Replacing an anemone that hosts Clownfish

Enad

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Hi all,

I have a question, and there may not be a definite answer for this but I figured I'd see what others think.

I have two massive Chicago Sunburst Anemones (one is around 8", the other is 12") and my Clown pair live in both of them. While I absolutely love the look of them, the size has caused them to be a bit problematic when it comes to stinging nearby corals. I've adjusted the flow so they're mostly okay but occasionally still drifts over towards my showpiece orange hammer.

In any case, I'm looking at potentially adding to my aquascape to add some sort of rock arch that goes above their current position and replacing the Nems with a SINGLE, much smaller Nem. I have a baby CSB that dropped off these guys a while ago, he's living in the sump so I could always use that one. Or I'd swap for a Sherman Rose, or Colorado. Just something else to mix it up a bit would be nice.

Now my question is, does anyone know if the Clowns will recognize this new Nem if I were to replace the ones they currently live in? Or is it like starting from scratch again?

Thanks!

IMG_8368.jpg
 

garygb

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If you replace one CSB with a different one, I would expect the clowns will take to it pretty much immediately. If it's a different size, maybe they would notice, but then again, anemones change their shapes often, so I don't think that would be much of a cause for apprehension on the clowns part. Since you're simply switching out a large CSB for a smaller one, there's no need for the clowns to develop immunity to the new anemone. The only issue that could potentially be an issue is that the "baby" CSB could be too small to host. BTAs in general can tolerate clownfish well, I would just want the diameter of the anemone to be ~twice the length of the largest clown. Then it should be fine.
 
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Enad

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If you replace one CSB with a different one, I would expect the clowns will take to it pretty much immediately. If it's a different size, maybe they would notice, but then again, anemones change their shapes often, so I don't think that would be much of a cause for apprehension on the clowns part. Since you're simply switching out a large CSB for a smaller one, there's no need for the clowns to develop immunity to the new anemone. The only issue that could potentially be an issue is that the "baby" CSB could be too small to host. BTAs in general can tolerate clownfish well, I would just want the diameter of the anemone to be ~twice the length of the largest clown. Then it should be fine.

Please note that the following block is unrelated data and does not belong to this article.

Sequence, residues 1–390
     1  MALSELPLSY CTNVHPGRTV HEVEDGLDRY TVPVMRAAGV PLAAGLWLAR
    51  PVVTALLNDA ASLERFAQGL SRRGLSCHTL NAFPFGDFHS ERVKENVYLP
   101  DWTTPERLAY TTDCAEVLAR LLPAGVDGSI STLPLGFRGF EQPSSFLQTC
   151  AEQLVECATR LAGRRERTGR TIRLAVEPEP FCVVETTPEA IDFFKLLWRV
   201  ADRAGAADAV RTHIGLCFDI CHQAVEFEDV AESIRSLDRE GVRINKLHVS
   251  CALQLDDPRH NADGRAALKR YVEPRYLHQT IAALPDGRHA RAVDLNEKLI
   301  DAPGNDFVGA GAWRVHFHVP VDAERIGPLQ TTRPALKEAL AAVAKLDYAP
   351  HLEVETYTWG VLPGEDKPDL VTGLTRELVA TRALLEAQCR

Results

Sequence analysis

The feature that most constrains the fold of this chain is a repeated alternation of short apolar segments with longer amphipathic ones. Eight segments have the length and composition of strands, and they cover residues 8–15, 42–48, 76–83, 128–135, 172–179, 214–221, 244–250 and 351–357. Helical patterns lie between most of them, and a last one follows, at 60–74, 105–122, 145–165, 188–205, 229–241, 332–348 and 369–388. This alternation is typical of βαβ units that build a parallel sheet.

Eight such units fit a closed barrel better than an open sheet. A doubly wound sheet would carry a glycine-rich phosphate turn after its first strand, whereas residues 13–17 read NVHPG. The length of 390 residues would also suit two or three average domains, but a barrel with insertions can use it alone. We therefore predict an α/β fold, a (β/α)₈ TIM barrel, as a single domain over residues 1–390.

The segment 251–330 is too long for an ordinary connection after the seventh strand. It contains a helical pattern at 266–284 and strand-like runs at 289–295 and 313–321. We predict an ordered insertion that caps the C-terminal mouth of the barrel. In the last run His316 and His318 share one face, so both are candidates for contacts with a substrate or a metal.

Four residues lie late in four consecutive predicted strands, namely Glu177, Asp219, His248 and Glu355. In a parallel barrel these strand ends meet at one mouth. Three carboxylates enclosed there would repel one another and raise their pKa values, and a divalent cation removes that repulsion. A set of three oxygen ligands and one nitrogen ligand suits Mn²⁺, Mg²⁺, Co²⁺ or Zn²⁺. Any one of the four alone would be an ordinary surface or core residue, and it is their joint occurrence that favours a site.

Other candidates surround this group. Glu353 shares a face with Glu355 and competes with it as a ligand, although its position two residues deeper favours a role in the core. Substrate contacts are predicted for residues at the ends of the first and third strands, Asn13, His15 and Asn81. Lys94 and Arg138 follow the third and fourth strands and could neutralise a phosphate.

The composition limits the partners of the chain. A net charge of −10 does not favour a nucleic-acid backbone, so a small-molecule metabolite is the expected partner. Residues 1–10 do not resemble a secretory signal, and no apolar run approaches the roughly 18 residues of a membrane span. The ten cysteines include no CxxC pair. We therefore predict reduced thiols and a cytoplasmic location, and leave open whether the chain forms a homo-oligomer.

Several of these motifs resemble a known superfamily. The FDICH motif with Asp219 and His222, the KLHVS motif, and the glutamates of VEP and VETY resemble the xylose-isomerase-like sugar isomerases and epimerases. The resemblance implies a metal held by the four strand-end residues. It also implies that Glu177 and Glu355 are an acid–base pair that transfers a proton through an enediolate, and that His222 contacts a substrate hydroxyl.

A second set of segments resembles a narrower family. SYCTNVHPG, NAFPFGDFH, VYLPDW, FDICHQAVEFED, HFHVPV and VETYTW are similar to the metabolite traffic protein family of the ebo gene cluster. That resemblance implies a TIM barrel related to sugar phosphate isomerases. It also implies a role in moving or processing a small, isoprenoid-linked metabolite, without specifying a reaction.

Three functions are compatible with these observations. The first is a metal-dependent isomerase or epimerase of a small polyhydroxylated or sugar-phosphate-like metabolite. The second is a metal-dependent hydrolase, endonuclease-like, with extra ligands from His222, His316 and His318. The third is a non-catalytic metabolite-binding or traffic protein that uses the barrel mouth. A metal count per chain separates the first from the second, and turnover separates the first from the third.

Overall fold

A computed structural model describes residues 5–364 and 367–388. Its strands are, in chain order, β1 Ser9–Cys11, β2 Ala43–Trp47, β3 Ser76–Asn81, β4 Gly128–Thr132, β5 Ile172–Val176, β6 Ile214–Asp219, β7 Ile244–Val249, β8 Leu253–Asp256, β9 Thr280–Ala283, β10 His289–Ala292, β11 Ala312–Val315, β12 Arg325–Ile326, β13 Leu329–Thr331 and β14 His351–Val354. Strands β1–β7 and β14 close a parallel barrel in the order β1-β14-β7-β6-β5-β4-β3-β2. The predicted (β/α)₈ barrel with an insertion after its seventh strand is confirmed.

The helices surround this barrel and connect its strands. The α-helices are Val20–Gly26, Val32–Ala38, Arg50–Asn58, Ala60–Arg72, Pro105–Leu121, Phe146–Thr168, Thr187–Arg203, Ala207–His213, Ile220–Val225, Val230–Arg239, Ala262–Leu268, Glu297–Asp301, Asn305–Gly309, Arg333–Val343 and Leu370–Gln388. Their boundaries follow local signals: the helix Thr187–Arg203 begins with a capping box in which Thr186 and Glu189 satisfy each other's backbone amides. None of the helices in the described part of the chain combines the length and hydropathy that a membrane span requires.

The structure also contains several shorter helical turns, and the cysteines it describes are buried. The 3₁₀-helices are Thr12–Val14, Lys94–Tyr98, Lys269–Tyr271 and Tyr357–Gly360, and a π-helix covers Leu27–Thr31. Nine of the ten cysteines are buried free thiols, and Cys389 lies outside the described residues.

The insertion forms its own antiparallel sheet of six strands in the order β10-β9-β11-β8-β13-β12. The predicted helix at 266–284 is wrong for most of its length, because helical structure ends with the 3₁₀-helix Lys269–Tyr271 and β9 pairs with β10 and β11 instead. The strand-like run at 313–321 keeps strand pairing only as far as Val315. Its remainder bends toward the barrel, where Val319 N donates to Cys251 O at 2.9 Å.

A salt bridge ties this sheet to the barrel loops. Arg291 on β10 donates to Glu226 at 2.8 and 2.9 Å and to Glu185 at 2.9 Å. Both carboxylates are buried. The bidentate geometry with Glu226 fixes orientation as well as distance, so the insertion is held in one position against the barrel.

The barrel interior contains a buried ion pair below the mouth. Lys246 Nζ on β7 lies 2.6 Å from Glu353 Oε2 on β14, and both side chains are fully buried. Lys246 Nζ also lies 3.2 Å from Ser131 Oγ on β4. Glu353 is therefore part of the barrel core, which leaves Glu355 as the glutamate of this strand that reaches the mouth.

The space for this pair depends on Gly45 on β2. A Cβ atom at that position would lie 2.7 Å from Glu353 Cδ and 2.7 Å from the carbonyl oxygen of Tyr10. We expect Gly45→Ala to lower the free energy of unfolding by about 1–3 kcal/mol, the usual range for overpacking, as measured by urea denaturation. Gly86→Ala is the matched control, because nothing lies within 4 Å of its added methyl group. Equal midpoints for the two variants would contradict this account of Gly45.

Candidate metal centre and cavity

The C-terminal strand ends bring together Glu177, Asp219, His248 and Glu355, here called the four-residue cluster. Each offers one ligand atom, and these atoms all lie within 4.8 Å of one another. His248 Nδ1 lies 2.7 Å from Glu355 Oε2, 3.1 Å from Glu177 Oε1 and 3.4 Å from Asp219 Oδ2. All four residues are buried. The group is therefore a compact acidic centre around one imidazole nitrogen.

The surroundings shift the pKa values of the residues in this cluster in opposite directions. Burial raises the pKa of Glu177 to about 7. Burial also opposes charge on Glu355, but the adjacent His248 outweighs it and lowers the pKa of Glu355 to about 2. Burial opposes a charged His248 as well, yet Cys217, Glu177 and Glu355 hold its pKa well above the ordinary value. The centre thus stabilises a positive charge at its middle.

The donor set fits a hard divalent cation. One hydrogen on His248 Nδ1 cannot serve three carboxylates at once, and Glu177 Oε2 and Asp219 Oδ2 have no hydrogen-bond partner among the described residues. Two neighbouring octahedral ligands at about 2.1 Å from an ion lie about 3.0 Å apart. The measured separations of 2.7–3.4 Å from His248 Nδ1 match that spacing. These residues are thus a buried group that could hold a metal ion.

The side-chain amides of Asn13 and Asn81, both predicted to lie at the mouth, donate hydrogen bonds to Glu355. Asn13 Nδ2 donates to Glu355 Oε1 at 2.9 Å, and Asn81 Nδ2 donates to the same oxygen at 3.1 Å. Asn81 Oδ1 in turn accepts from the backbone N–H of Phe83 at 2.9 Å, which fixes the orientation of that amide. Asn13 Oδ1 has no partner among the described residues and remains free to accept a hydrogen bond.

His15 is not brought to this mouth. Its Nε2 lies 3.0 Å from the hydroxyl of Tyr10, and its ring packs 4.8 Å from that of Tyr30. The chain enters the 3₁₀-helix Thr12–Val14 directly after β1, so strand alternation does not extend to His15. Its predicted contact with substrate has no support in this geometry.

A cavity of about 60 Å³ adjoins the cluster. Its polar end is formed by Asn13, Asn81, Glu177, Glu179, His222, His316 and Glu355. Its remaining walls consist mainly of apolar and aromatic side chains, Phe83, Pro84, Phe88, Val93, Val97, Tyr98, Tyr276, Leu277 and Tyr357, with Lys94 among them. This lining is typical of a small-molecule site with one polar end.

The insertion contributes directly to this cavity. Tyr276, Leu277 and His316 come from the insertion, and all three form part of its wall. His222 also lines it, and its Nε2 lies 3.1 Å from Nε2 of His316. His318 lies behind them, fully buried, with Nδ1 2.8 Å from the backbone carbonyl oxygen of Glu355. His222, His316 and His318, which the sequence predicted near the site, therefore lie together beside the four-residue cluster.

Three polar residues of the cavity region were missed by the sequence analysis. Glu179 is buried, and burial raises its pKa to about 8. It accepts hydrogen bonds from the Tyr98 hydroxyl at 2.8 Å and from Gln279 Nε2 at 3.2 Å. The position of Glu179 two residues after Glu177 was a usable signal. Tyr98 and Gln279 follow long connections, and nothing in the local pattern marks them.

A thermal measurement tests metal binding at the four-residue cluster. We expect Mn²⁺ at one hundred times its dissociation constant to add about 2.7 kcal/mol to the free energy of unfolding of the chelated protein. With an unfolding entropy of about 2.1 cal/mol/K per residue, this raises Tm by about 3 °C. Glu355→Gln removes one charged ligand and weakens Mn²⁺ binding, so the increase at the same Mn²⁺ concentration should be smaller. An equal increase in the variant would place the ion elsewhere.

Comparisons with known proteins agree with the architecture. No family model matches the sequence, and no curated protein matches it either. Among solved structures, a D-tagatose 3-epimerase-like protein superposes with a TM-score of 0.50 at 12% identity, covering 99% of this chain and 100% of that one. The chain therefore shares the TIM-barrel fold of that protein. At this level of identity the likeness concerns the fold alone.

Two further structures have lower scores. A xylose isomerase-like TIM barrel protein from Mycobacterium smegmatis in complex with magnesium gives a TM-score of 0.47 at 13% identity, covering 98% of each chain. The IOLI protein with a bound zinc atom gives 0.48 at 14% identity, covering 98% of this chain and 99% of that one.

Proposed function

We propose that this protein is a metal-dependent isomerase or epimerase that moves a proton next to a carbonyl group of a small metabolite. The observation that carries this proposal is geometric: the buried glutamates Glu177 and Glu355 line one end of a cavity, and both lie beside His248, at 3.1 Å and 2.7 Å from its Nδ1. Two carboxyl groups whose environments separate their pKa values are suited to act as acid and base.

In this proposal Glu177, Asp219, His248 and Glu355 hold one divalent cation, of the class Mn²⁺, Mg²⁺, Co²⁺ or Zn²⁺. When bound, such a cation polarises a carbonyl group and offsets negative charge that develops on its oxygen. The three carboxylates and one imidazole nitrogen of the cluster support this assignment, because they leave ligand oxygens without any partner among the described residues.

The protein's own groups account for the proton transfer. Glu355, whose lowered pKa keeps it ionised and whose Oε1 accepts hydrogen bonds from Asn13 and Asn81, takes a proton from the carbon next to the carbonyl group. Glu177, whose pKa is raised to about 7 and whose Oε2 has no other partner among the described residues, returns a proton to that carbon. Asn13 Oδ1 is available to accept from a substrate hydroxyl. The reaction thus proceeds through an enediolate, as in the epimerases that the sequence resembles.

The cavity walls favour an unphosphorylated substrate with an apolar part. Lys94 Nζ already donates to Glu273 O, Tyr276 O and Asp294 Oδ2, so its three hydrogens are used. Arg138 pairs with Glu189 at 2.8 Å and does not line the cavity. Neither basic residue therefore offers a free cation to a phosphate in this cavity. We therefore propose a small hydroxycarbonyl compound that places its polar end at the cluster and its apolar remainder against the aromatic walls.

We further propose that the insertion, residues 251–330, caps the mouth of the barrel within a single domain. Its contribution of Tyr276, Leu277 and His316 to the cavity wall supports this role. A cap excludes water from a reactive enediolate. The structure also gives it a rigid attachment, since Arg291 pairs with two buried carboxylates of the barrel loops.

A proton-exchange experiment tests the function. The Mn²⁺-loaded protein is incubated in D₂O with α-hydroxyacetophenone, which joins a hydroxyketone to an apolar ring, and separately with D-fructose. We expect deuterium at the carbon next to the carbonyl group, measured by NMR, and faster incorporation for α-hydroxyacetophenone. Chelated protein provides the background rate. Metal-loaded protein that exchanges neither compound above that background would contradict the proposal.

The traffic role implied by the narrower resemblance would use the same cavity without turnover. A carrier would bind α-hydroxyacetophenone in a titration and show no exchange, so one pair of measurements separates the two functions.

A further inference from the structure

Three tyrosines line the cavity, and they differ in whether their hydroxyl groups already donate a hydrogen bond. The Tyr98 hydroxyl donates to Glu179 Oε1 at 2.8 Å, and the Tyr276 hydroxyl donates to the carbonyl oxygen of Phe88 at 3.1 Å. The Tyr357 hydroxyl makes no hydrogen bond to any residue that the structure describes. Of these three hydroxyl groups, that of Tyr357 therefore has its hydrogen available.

So, you're saying replacing with another Chicago should be fine, but what if I opted to switch it for a different BTA variant - it may not be a seamless transition?

Right now, the baby Chicago is fairly small, maybe 2-3" but the Clowns aren't fully grown either, so I think they'd be fine. Plus, by the time I find the right rock structure and actually succeed in extracting the two Nems from my existing rock (will be extremely difficult to do the great crevices they've found), I'm sure the baby Chicago will have grown considerably. I feed it weekly and it has been growing steadily.
 

blecki

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They might be baffled for a day or too but clowns aren't too bright. They'll just think their house walked off. I wouldn't expect any issues at all getting them to host in a completely different bta.
 
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Enad

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Gotcha. Well...I have a few difficult tasks to accomplish before I can even think about swapping in a new anemone.
 

garygb

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So, you're saying replacing with another Chicago should be fine, but what if I opted to switch it for a different BTA variant - it may not be a seamless transition?

Right now, the baby Chicago is fairly small, maybe 2-3" but the Clowns aren't fully grown either, so I think they'd be fine. Plus, by the time I find the right rock structure and actually succeed in extracting the two Nems from my existing rock (will be extremely difficult to do the great crevices they've found), I'm sure the baby Chicago will have grown considerably. I feed it weekly and it has been growing steadily.